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Showing posts from April, 2015

A serial killer with imagination

“The Son – Silas Rising” introduces the world to a unique serial killer. At first glance, a stealthy political assassin driven by personal revenge may not seem to represent a new story line. But when the early back story reveals that Silas seeks payback for his parents’ premature death as the result of the newly enacted, but stingy, U.S. health care laws, the reader knows that the congressmen responsible don’t have a chance.  

Of course, becoming a millionaire through shrewd investing initially gives Silas the benefit of playing the eccentric while having the resources to take down the reckless politicos in imaginative ways, including barbed wire on a Texas ranch.  

The first novel of this exciting new series by Doug Dahlgren introduces Silas, the self-made millionaire and serial killer, who leaves clues to his crimes through the words of Revolutionary War heroes.  A reader must admire a new novelist such as Mr. Dahlgren who has a grasp of history and can weave it into a modern novel th…

Paula Hawkins' "The Girl on the Train" is a high speed ride in audio

Early reviewers of this novel touted it as the next “Gone Girl." However, as wonderful as Gillian Flynn's novel is, Paula Hawkins' train overtakes it well before the end of the line. Hawkins' time-stamped structure of the story told in first person by three separate, but deeply entwined female main characters, lets the mystery unravel at just the right speed. The British accents of the three superb female narrators of the audio version of “The Girl on the Train” draw the reader (or listener) into the darkness of the unique tale and its unexpected climax. The voice inflections and diction variations between the jilted Rachel, jealous Anna, and twisted Megan are at times as mesmerizing as the prose.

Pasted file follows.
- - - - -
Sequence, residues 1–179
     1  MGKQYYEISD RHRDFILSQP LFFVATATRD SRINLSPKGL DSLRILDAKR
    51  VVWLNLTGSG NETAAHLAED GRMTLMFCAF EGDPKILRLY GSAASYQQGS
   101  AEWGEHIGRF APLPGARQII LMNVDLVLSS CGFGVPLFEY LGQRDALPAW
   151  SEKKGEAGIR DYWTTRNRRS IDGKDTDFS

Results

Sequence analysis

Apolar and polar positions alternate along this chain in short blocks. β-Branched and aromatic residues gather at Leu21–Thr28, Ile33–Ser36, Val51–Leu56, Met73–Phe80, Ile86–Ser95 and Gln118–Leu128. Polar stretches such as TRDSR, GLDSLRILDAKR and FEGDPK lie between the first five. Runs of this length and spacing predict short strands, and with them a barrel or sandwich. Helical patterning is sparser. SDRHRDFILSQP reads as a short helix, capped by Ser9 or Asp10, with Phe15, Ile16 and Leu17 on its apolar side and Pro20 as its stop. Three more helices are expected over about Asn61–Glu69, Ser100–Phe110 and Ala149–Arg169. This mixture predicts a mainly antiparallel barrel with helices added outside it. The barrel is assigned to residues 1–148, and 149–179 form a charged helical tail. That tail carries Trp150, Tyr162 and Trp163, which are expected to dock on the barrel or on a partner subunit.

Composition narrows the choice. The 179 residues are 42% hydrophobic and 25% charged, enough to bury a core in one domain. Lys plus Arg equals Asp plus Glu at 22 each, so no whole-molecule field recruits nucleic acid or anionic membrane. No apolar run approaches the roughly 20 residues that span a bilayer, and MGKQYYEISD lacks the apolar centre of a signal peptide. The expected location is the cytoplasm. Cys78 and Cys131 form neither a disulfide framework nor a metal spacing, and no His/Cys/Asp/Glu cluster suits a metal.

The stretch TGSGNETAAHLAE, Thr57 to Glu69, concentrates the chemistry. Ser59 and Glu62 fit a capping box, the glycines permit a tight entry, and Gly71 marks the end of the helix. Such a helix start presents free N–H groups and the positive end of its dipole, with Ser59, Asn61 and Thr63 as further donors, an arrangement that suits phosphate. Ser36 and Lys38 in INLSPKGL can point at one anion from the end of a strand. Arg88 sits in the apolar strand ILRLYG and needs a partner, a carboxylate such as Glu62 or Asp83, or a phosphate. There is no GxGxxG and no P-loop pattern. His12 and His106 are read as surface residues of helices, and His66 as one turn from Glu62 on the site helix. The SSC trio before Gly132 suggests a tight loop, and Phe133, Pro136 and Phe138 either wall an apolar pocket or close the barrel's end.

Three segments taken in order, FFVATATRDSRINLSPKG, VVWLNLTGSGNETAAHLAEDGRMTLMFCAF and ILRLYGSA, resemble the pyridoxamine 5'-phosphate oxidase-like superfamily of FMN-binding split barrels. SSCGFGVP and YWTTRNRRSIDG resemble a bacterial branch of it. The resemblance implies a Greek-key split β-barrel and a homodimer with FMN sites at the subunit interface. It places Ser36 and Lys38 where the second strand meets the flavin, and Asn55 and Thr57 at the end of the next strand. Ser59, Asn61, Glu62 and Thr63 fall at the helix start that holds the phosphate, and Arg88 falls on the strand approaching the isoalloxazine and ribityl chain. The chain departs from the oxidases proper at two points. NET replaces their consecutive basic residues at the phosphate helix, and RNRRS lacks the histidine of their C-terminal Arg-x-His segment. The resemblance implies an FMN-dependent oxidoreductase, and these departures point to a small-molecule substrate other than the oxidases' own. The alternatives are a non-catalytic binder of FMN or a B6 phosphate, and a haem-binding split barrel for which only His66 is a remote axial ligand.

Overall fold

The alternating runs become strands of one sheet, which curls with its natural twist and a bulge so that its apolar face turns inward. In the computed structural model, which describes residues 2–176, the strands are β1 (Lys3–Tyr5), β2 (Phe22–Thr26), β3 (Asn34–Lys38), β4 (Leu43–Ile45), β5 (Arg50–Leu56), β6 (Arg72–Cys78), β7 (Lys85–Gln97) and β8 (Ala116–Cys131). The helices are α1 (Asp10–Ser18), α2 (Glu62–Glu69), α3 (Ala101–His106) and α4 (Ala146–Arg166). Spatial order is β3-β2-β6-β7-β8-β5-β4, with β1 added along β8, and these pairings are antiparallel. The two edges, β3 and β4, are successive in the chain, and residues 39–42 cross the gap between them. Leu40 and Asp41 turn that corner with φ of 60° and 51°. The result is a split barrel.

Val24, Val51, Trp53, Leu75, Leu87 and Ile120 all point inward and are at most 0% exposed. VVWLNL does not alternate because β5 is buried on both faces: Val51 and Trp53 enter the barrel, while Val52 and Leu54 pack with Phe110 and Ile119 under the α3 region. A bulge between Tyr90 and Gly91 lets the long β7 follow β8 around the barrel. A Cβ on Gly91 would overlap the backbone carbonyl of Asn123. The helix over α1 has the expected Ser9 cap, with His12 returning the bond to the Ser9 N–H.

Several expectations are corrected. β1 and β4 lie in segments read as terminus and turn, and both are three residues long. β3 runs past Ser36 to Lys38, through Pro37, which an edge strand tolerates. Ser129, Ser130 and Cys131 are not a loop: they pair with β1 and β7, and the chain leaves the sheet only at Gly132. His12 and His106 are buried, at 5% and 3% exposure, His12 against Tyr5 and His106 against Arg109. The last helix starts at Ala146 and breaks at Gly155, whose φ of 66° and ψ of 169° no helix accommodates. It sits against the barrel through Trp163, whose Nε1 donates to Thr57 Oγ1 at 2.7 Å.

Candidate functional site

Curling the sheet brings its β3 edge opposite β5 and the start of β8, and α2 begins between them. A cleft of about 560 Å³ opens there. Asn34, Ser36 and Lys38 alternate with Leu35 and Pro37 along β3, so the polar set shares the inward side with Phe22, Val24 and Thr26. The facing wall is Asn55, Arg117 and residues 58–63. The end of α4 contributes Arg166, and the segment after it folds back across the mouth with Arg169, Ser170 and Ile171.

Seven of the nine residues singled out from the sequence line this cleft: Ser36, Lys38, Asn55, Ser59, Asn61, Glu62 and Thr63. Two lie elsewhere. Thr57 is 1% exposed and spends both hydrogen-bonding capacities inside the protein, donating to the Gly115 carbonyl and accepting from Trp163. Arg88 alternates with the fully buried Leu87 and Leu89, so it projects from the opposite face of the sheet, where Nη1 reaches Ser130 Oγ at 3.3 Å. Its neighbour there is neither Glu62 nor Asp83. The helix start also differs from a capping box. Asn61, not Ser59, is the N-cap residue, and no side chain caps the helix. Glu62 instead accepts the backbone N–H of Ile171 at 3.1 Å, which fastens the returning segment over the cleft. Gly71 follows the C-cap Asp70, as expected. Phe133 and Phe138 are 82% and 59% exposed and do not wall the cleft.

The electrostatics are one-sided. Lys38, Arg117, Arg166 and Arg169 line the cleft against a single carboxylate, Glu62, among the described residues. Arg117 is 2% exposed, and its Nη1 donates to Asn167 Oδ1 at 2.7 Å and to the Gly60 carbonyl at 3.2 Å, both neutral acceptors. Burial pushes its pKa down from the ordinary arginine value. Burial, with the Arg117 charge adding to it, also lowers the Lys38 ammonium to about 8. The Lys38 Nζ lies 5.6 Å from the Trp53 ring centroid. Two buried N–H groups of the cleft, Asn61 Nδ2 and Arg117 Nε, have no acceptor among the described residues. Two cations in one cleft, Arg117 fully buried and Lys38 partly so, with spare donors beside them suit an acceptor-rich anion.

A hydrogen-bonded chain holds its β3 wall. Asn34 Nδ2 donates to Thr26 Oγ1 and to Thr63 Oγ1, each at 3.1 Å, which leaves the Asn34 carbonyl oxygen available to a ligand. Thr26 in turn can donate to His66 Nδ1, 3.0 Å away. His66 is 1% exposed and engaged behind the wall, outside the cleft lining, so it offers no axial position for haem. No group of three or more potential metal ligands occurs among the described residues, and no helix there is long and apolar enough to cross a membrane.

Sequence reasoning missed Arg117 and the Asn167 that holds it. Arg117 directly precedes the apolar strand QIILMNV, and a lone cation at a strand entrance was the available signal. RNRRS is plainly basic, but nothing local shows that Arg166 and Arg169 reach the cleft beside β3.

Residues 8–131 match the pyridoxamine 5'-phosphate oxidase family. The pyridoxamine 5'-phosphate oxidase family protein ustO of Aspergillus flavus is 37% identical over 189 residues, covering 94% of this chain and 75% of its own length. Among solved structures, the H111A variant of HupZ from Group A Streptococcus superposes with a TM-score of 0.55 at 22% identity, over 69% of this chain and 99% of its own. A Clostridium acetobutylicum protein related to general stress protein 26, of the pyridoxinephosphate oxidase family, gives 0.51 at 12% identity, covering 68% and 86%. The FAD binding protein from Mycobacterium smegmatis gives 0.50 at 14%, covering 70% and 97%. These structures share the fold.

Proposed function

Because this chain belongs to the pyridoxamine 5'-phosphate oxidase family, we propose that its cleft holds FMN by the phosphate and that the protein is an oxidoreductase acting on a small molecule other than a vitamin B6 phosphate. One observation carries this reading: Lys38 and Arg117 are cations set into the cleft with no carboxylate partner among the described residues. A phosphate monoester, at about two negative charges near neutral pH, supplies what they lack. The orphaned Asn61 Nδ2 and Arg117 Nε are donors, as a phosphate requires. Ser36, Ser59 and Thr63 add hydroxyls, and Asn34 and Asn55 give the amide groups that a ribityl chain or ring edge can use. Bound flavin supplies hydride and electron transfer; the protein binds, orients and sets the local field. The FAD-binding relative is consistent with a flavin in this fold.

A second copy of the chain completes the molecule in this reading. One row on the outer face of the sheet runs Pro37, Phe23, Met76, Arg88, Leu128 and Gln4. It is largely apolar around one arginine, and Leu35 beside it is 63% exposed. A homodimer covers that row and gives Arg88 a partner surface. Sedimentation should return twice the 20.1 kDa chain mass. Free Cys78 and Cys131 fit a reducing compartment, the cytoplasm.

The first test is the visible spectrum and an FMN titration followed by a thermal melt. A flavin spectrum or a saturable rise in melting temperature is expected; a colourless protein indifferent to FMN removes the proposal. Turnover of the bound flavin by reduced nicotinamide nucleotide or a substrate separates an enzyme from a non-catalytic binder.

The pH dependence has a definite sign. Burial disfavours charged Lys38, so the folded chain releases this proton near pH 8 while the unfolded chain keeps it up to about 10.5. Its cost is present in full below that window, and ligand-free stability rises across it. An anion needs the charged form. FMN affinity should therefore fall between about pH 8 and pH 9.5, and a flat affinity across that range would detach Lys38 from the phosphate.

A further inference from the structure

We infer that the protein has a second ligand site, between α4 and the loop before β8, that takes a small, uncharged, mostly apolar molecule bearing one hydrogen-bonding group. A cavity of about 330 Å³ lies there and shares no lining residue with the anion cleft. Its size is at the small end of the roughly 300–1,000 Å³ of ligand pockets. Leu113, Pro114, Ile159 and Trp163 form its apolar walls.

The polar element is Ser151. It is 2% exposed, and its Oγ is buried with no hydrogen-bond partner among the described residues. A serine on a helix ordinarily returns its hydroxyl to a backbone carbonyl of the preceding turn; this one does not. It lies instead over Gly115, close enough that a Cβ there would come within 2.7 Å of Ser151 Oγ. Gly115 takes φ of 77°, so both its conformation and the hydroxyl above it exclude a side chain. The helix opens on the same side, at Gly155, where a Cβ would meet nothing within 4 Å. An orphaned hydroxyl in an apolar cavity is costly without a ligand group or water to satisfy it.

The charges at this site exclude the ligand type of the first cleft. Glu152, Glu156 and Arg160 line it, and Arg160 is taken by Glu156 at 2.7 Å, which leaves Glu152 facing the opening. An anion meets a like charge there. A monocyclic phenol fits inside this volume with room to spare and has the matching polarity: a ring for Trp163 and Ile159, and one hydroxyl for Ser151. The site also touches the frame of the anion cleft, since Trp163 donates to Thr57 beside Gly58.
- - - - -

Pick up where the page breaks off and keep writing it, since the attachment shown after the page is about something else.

Alcoholic protagonist Rachel's memory lapses and her struggles with the disease are central to the story line and her human frailty is so exposed and explored that no reader could deny her empathy and sympathy.
The female narrators do an outstanding job as well with the v…

There really is a science to writing fiction

There’s good news for writers and readers alike. Award-winning author John Hough, Jr., has compiled a new “how-to” book on writing dialogue, The Fiction Writer’s Guide to Dialogue: A Fresh Look at an Essential Ingredient of the Craft, recently published by Allworth Press. 
I was fortunate to meet John at a writing conference in Massachusetts a few years ago and benefited from his editorial services during the publication of my current novel and thriller Wiggle Room. John tells me that the new The Fiction Writer’s Guide to Dialogue is a fun read for readers as well as writers. According to reviewer Jack Shea, Hough’s writing guide magnifies the magic of literature for readers, connecting them to the requirements of good fiction and explaining that readers must be willing to suspend disbelief. For a fiction author like me, whose other profession is rooted deeply in science, John Hough’s new book provides an easy to follow guide regarding the function of fictional dialogue and how it driv…